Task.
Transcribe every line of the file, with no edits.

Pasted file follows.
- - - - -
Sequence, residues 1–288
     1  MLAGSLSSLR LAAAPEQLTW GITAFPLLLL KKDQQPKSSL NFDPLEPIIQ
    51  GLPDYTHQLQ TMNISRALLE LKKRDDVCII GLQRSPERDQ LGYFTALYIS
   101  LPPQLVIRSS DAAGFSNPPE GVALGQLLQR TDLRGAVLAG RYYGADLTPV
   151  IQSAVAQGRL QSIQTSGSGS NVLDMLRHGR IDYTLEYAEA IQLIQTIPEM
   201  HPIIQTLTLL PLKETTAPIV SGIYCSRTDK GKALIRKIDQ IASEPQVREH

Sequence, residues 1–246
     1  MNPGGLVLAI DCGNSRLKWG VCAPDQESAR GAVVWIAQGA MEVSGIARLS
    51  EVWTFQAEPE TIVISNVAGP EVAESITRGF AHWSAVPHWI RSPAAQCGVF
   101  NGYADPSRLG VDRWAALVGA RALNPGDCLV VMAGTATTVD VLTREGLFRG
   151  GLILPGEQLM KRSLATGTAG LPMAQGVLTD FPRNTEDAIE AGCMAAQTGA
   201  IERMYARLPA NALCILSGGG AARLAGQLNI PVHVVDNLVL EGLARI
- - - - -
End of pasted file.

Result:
Sequence, residues 1–288
     1  MLAGSLSSLR LAAAPEQLTW GITAFPLLLL KKDQQPKSSL NFDPLEPIIQ
    51  GLPDYTHQLQ TMNISRALLE LKKRDDVCII GLQRSPERDQ LGYFTALYIS
   101  LPPQLVIRSS DAAGFSNPPE GVALGQLLQR TDLRGAVLAG RYYGADLTPV
   151  IQSAVAQGRL QSIQTSGSGS NVLDMLRHGR IDYTLEYAEA IQLIQTIPEM
   201  HPIIQTLTLL PLKETTAPIV SGIYCSRTDK GKALIRKIDQ IASEPQVREH

Sequence, residues 1–246
     1  MNPGGLVLAI DCGNSRLKWG VCAPDQESAR GAVVWIAQGA MEVSGIARLS
    51  EVWTFQAEPE TIVISNVAGP EVAESITRGF AHWSAVPHWI RSPAAQCGVF
   101  NGYADPSRLG VDRWAALVGA RALNPGDCLV VMAGTATTVD VLTREGLFRG
   151  GLILPGEQLM KRSLATGTAG LPMAQGVLTD FPRNTEDAIE AGCMAAQTGA
   201  IERMYARLPA NALCILSGGG AARLAGQLNI PVHVVDNLVL EGLARI